Our long, long journey
Months and months ago, I wrote a blog about our intent to wean our toddler. We can finally say we have successfully weaned the little man, gently and without tears.
When we began our nursing journey, I was aiming to breastfeed for one year. At first, I didn’t think I would be able to last past the first six weeks. Nursing was painful, and I was exhausted. As we got into our rhythm, and nursing became more comfortable, Brooks decided that he did not want to drink from a bottle. And he never did. Later, we discovered that he had allergies, including an allergic reaction to milk. These factors all contributed to our lengthy nursing journey. In the end, nursing was a source of comfort, and a way to lull him to sleep.
So, how did we finally wean? It happened… by accident.
Lately, our weekends have been pretty busy, and Brooks has been going without naps (a time when he would typically nurse). Then, by the time bedtime rolled around, he was so exhausted, he would fall asleep on my husband’s chest, or nestled between us in the covers.
Another night, Brooks mentioned that the “bee-bees” were broken. I think this was his way of saying that my milk production has come to an end, and he just isn’t getting milk any longer. I knew that this would be inevitable, I just wasn’t sure at what point in my pregnancy it would happen.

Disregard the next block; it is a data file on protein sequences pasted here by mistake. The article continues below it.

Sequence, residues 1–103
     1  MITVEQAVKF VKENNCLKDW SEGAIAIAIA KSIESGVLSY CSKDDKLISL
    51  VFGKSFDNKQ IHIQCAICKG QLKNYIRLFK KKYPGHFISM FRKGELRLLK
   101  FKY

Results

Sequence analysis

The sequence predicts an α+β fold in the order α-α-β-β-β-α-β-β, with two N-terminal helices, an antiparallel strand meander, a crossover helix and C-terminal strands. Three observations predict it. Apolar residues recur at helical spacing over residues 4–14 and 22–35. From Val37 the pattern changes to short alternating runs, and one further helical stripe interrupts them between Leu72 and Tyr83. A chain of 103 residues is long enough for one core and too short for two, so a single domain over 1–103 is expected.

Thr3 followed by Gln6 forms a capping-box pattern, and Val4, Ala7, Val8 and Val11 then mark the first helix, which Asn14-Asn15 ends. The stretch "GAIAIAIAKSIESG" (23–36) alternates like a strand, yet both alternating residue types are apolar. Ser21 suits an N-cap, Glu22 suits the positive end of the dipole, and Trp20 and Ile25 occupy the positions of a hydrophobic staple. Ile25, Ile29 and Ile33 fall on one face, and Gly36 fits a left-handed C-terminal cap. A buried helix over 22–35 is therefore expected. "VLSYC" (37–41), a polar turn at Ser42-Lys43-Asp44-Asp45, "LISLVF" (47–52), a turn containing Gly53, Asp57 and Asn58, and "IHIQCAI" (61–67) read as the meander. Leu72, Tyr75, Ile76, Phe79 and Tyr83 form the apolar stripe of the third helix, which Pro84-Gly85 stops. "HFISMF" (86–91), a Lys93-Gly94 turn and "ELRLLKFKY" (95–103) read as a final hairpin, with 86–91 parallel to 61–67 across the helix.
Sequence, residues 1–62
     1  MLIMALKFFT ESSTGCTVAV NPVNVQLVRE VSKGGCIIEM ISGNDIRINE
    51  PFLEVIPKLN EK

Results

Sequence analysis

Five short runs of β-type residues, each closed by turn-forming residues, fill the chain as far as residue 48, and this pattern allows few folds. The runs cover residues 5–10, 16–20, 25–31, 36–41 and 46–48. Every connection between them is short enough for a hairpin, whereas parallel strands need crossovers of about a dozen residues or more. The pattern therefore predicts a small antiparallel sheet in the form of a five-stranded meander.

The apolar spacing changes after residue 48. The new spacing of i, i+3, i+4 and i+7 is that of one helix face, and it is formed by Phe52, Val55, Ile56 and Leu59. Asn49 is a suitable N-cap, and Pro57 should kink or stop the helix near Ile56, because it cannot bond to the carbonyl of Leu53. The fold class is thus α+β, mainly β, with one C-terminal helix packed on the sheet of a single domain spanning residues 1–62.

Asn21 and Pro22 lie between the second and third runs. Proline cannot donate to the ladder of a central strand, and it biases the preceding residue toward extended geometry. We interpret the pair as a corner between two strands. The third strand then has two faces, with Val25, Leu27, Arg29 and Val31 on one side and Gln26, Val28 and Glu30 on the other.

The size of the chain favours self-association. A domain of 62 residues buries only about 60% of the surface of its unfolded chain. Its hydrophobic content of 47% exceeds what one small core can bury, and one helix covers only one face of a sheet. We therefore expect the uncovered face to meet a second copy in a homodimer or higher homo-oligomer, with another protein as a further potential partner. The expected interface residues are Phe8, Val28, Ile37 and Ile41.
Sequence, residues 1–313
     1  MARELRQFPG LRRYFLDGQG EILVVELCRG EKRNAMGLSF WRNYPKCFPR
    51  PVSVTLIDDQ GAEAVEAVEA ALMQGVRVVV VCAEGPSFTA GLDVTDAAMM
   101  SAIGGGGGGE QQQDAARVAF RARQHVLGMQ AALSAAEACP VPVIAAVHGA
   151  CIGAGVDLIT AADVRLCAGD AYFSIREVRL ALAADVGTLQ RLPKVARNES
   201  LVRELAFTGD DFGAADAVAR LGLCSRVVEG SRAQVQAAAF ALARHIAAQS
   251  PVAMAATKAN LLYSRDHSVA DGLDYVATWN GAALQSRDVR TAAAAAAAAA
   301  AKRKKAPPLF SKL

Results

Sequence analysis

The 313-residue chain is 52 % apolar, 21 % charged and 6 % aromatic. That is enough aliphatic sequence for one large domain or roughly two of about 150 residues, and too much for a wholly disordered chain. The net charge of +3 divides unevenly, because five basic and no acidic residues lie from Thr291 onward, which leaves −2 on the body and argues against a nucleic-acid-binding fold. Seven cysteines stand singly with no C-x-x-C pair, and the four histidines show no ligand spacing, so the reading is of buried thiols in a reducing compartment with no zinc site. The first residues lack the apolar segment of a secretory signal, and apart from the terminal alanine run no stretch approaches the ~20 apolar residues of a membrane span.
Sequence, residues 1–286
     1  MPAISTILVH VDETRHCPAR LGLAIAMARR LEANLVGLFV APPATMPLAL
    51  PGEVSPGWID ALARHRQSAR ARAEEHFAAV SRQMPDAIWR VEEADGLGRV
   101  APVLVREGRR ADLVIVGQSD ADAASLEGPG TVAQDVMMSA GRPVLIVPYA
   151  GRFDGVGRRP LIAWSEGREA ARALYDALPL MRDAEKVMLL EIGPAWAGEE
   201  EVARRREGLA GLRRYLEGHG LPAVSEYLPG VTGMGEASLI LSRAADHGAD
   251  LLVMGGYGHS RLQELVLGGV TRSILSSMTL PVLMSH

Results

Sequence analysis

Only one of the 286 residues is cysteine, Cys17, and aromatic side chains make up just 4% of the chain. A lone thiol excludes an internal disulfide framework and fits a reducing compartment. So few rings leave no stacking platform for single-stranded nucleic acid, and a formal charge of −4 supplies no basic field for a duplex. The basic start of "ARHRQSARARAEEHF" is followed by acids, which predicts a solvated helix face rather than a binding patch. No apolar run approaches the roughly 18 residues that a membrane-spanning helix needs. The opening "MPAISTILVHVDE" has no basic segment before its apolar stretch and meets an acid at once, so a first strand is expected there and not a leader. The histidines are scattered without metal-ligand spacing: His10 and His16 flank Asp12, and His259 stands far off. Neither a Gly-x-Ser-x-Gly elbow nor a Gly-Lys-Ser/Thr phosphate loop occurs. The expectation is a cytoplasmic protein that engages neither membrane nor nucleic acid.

The following few days during nap, and at night, if he asked to nurse, I reminded him that the “bee-bees” were broken. Instead, we snuggled in bed and, when he was sleepy, I’d pick him up and hold him until he fell asleep.
While our approach was accidental, it worked well. There were no tears. It wasn’t emotional. It just felt very natural.
I am so glad that we were patient with Brooks, and trusted in what he needed, knowing that he would wean eventually!
- Talk to your toddler. Talk to them about every step of your weaning journey.
- Try not to create an aversion to nursing, by using apple cider vinegar or anything to make nursing gross or traumatic
- Go slow and wean gradually, if possible.
- Be patient with your child. Nursing provides nourishment and comfort for your child, and suddenly stopping can be tough.
- Have faith in your decision. Every nursing journey will come to an end, and only you know what is best for you and your little one.
Did you nurse for an extended period of time? What strategies did you use to wean your toddler? What worked, and what didn’t? Please feel free to share your experiences in the comment section below.